Southern Comfort: Scenic Cabins and Yurts in the South

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Staying in the Guillebeau cabin, which was built in the late 1700s, is a historic experience. Photo from RootsRated.com and Discover SC

Chilly days, chillier nights and unruly rain showers may deter you from planning a camping trip in the next few months, but there’s no reason to stay at home. Cozy up, Southern comfort style, in a historic pre-Civil War cabin or wind down in a restored barn on a working farm. Looking for a middle ground between tent camping and a cabin? Try a yurt. These funky, circular dwellings are built out of flexible wood lattice and wrapped in canvas, generally with a skylight built into the domed roof. So you’re not exactly roughing it, but you’ve got all summer to do that. Here are our favorite, most scenic cabins and yurts in the Southeast.

Hickory Knob State Park – McCormick, South Carolina
You can’t help but feel like you stepped into the history books when you stay at the historic Guillebeau House in Hickory Knob State Park. Nestled into one of South Carolina’s most stunning landscapes, Guillebeau House was originally built circa 1770 and evokes all the sentimental southern feelings you never knew you had. Settle into the 2-bedroom cabin for the weekend and set out to explore Hickory Knob during the day. The lake, which lies on the border of South Carolina and Georgia, is fed by the Savannah River and offers excellent fishing among its never-ending coves. A 12-mile trail system hugs the shoreline of Strom Thurmond Lake, dipping in and out of dense stands of cedar and pine. Simple, Southern beauty.

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Photo from RootsRated.com and Alaxa Lampasona

Fort Yargo State Park – Winder, GA 
Just south of Athens, Fort Yargo State Park is a true retreat, where you’ll find a sense of solitude and pristine beauty in early Spring. A group of five yurts make up the yurt village that sits on its own peninsula of the lake (and trust us, Yurt #3 has the best views since it sits on the elbow of the lake’s biggest bend). You’re surrounded by water on all three sides so you’ve got primo views of the lake’s west and northern banks. Sitting on the back deck mimics the feeling of being on the water. The yurts are located a few hundred yards from the boat ramp, and a canoe rack is in the village where $15 will get you a canoe for the weekend.

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Interior of the yurts at Georgia State Parks. Photo from RootsRated.com and Georgia Department of Natural Resources

Red Top Mountain State Park – Cartersville, GA
Red Top Mountain State Park’s peninsula sits like a leaf on Lake Allatoona, its jagged edges breach the shores of the 12,000-acre lake. Book in advance, because there is only one yurt at the park – and it’s worth the wait. The yurt is hidden, and accessing it evokes the feeling of a top-secret hideaway. Just outside your humble abode are 15 miles of red-soiled trails that weave through picturesque rolling hills — perfect for a long distance trail run or hike. If the yurt is all booked up for spring, get it on your summer calendar – every Saturday evening in summer, listen to a live bluegrass concert at Old Vaughn Cabin just “next door.”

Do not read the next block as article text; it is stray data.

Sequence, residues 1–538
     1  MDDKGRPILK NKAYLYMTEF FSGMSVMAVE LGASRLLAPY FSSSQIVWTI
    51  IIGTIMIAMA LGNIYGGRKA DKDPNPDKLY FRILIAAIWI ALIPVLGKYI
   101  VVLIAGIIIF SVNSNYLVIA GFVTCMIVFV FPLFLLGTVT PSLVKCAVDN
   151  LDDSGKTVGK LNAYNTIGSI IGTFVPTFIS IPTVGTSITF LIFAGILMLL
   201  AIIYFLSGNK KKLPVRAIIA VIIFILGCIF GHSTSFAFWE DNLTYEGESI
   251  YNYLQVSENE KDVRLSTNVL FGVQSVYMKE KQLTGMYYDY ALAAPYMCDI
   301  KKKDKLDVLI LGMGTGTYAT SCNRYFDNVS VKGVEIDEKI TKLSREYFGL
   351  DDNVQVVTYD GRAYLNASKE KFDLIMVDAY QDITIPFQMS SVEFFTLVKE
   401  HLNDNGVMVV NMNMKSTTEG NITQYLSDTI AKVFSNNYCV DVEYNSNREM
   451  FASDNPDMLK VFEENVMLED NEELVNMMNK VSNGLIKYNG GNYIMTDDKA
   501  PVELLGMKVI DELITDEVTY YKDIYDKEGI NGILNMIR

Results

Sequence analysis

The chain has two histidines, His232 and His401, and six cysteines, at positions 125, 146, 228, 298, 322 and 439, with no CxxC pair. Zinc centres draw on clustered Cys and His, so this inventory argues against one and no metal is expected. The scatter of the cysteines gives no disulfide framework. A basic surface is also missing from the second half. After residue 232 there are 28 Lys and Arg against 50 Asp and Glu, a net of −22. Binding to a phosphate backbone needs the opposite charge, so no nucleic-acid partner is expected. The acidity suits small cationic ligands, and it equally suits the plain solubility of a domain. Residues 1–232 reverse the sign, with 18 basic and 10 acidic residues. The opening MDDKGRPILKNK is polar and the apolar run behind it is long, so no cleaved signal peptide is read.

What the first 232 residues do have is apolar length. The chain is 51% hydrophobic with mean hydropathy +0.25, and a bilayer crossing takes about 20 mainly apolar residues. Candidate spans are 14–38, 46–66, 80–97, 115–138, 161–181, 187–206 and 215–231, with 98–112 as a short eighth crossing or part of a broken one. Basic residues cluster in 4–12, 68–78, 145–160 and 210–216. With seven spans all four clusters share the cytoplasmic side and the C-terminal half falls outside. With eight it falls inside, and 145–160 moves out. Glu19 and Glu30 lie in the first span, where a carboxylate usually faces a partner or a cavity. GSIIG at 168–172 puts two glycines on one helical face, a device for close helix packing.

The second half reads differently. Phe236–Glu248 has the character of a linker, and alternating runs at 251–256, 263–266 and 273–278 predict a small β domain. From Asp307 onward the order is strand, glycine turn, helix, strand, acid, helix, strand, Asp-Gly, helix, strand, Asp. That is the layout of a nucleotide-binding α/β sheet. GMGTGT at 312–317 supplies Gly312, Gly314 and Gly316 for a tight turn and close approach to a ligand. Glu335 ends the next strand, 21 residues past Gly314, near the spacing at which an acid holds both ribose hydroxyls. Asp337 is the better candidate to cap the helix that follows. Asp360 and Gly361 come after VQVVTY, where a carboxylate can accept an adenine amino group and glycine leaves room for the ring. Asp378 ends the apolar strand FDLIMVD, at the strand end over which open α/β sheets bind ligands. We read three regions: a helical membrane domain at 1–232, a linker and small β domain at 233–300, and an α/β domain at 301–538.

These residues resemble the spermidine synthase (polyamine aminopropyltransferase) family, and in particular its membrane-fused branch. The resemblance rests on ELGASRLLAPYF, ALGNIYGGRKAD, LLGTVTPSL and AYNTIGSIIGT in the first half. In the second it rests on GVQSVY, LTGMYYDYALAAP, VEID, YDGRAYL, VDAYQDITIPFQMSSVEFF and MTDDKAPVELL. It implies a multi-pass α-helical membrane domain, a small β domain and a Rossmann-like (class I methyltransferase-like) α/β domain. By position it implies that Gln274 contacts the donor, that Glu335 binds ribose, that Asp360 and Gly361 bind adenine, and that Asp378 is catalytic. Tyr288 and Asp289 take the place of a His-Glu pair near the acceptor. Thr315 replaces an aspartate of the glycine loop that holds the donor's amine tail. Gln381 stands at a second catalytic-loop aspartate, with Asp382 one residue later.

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The Villas at Devils Fork State Park line the shores of Lake Jocassee. Photo from RootsRated.com and Discover SC

Lake Jocassee – Salem, South Carolina 
Lake Jocassee, close to where the South Carolina, Georgia, and Western North Carolina borders meet, is an absolute gem. Rolling, undeveloped hills surround its deep, clear waters. Several waterfalls, tucked away in green coves, tumble over rough rocks creating secret hideaways. Thirty minutes away, sweeping views from atop Table Rock Mountain are worth the steep hike. And when the day’s adventure is done, kick back on the screened in porch of one of the 20 villas that line the lake at Devils Fork State Park. Whiskey and ginger not included.

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Photo from RootsRated.com and East Fork Farm Cottages

East Fork Farm Cottage – Marshall, North Carolina 
Imagine yourself waking early, surrounded by farmland, mist rising off the pastures as you sip a cup of hot coffee out on the deck. In the afternoon, you hike up to nearby Max Patch, a rolling meadow considered the most beautiful section in all the 2,168 miles of the Appalachian Trail. Unwind later in a cedar hot tub, watching the sun go down over the farm. That’s the norm when you stay at East Fork Farm for a couple days. The farm is family-owned and fully operational, located in the small mountain town of Marshall, about 25 miles outside of Asheville. There are three cottages on the premises: Meadow Branch is a quaint, cedar-shake getaway with a view of the entire farm. The East Fork is an elegantly refurbished utility barn surrounded on three sides by meadows and grazing sheep. And the Mill House is a small, two-story cabin complete with a working waterwheel. A great place for springtime contemplation and rejuvenation.

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The Nantahala Yurts sit on the banks of two small ponds and above Lake Fontana. Photo from RootsRated.com and Nantahala Yurt Village

Nantahala Gorge – Bryson City, North Carolina 
Within the steep canyon walls of the Nantahala Gorge lie some of the most wild and pristine wilderness in the south. For an experience that’s off the beaten path—but directly on the hiking trails—reserve one of the eight coveted Yurts at Wildwater Village. Rugged meets boutique, so this will appeal to campers and hotel aficionados alike. The yurts come complete with a queen bed, mini fridge, ceiling fan, space heater, and you’re never to far from a hammock. Like we said, there’s no need to rough it just yet.